I love these "little" contests. Nice people, great prizes, and little stress. Some of the "big" ones can just downright frazzle a person. The FN experience made my hair fall out. And I needed another hormone patch when I got home from Gilroy Garlic Festival.

Super Duper!

Good grief. More baking. You’d think it was Christmas or something.

But these cookies are SO worth it! Our family’s favorite Christmas cookie (well, Sarah would inhale them if she could!) and I’ve been baking them since I saw this recipe in Sunset magazine a few years ago.

The picture is dedicated to my sister (Lori, you’ll know what it means…). This is another super duper easy recipe. I do recommend you haul out the super duper Kitchen Aid mixer to give you a hand. To get the dough right, you really need to mix this sucker. Don’t freak out at how crumbly it seems…it’s almost like sweet pie dough and when you press it into balls, it works perfectly. When you bake them, they WON’T turn golden brown. They’ll look like…well, dough. The edges should be just barely turning brown. They will harden up while cooling. If you like a crispier cookie, bake a bit longer. These cookies are a lovely gift, along with a special tea cup or coffee mug…the cookies beg for warm goodness to wash them down.

Coconut-Cranberry Chews

Makes about 6 dozen cookies

1 ½ cups butter, at room temperature
2 cups granulated sugar
1 tablespoon grated orange peel
2 teaspoons vanilla
3 ¼ cup all-purpose flour
1 teaspoon baking powder
¼ teaspoon salt
1 ½ cup dried cranberries
1 ½ cup sweetened flaked dried coconut

1. In a large mixing bowl, with a mixer at medium speed, beat butter, sugar, orange peel, and vanilla until smooth.
2. In another medium bowl, mix flour, baking powder, and salt. Add to butter mixture, at low speed, then continue beating at low speed until dough comes together, about 5 minutes. Mix in coconut and cranberries.
3. Shape dough in 1 inch balls and place about 2 inches apart on buttered (or parchment paper…I like that better!) baking sheets.
4. Bake in preheated 350 degree oven until cookie edges just BARELY turn brown, 8 – 11 minutes. If baking two sheets at once in one oven, switch their positions halfway through baking. Let cookies cool on sheets for 5 minutes, then transfer to racks to cool completely.

December 19, 2007

Nutmeg Banana Bread

Today I made banana bread. The WORLD'S BEST BANANA BREAD! I can't take complete credit. The basic recipe is beloved by many - it's from the very first "Private Collection - Junior League of Palo Alto" published in 1980. The correct title is "Kona Inn Banana Bread"....however, as always, I monkey around with a perfectly good recipe and have named it "Nutmeg Banana Bread" with the addition of...duh...nutmeg. And it has to be freshly ground nutmeg...makes all the difference. Sometimes I add cinnamon and walnuts. Once, chocolate chips...not so good. Cranberries? Pretty good. But it's best kept simple. This is so easy to make with such rich should be illegal. It's a great gift, freezes like a dead Eskimo, and when you top if off with whipped cream and a dash of more freshly grated nutmeg...well...just try it. Banana-rama-mama!!

BTW...if you can find this terrific little cookbook, grab it! Every single recipe is very very good. My copy is so beat's fallen in dishwater, been dropped in the batter, microwaved once, and generally abused like all good cookbooks tend to be.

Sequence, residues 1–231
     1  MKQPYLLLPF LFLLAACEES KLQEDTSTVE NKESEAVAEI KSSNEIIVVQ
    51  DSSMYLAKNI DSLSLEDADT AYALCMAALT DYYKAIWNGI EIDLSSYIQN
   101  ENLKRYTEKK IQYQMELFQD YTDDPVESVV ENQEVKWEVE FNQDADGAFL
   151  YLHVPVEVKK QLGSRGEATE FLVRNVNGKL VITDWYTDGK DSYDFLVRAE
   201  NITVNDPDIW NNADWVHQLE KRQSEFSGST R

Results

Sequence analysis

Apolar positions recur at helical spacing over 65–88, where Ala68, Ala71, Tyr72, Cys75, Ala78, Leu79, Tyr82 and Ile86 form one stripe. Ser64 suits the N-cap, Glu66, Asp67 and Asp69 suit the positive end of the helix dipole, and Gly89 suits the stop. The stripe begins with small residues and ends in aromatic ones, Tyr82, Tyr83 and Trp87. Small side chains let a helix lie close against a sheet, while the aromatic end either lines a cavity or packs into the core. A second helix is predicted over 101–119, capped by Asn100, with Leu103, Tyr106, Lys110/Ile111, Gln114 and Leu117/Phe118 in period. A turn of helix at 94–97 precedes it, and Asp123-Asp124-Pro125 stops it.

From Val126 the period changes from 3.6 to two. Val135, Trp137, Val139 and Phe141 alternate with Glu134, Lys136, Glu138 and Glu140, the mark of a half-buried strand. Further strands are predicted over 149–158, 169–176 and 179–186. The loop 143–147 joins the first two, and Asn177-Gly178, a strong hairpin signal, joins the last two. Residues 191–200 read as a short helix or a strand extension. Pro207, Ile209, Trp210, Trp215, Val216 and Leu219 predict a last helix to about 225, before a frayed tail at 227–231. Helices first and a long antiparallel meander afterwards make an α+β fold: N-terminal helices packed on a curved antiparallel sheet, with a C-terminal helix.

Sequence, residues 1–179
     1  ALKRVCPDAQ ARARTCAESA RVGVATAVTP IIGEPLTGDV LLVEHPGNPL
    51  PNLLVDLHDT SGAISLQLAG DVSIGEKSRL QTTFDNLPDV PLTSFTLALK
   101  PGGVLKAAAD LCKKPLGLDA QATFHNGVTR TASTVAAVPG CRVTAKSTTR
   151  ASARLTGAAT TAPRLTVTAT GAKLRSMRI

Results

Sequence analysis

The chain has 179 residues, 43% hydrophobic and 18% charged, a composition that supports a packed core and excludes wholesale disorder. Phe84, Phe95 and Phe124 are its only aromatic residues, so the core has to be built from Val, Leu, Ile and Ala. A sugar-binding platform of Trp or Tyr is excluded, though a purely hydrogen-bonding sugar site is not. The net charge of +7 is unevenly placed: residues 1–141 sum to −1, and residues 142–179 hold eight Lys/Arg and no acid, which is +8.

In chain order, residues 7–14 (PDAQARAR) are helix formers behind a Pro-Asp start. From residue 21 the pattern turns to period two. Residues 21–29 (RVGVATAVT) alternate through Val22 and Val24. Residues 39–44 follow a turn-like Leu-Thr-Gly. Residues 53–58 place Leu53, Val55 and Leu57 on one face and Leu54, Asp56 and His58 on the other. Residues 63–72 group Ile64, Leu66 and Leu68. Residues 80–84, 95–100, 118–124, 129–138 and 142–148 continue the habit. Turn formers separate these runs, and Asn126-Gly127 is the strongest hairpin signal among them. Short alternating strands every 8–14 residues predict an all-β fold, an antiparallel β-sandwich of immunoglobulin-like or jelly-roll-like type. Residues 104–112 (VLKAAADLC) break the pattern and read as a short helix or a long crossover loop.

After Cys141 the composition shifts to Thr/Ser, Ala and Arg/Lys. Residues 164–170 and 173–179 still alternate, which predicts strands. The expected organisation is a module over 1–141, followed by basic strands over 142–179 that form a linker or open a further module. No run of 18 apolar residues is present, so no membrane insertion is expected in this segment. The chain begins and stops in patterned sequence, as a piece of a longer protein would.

Nutmeg Banana Bread

2 cups granulated sugar

1 cup softened butter

6 ripe bananas, mashed (about 3 cups)

4 eggs, well beaten

2 1/2 cups cake flour*

2 teaspoons baking soda

1 teaspoon salt

1 teaspoon freshly grated nutmeg

1. Preheat oven to 350 degrees.

2. With electric beater, cream together the sugar and butter until light and fluffy. Add bananas and eggs, beating until well mixed.

3. Sift together dry ingredients three times (I don't do this...I haven't sifted anything since junior high home economics!) Blend with banana mixture but do not overmix.

4. Pour into 2 lightly buttered (I use the spray Pam with flour) loaf pans. Bake for 45 minutes to 1 hour, or until firm in the centers and edges begin to pull away from pans.

5. Cool on rack for 10 minutes before removing from pans. Cool completely before wrapping and/or freezing.

*I don't know exactly why, but it's most definitely better when you use cake flour. So use it. That, and the fresh nutmeg. Now excuse me, I have to go eat that picture.

December 18, 2007


I love food. I like to consider how it's grown, harvested, processed or transformed into the marvels that end up on my plate. I like reading about other people's experiences with the process...great celebrity chefs, home cooks, food essayists, and boy scouts with a weiner on a stick. I'm inspired and excited by the "gourmet", but truly awestruck by the simple...the recipe or idea that is uncluttered and honors the original idea of food. Which, to me, is to sustain us, not only nutritionally or emotionally, but on so many other levels of comfort and enjoyment. So, because of this love and also my passion for writing, I've decided to FINALLY start a blog - friends and family have encouraged me for long enough and I'm going to stop dilly-dallying and get busy.
Shout out to Jenny Flake, whose own blog has inspired me. Thanks Jenny!

I don't think I'll have any one "theme" to this blog...just food thoughts and obsessions, recipes, cooking tips and techniques I've gleened from a variety of sources, cookbook reviews, tirades about food snobs and culinary dictators, and my admiration for people who really know how to cook and how they make people happy with their creations... everyday ramblings of someone who is a little whacked out about food and how we eat and enjoy it.

I do know that our society has complicated thoughts about food and cooking. Cultural, dietary, generational, political,'ll be fun to write about all of it and read your comments and suggestions - I hope you find something of value here. Enjoy!
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"The Dish" by Catherine Wilkinson is licensed under a Creative Commons Attribution 3.0 United States License.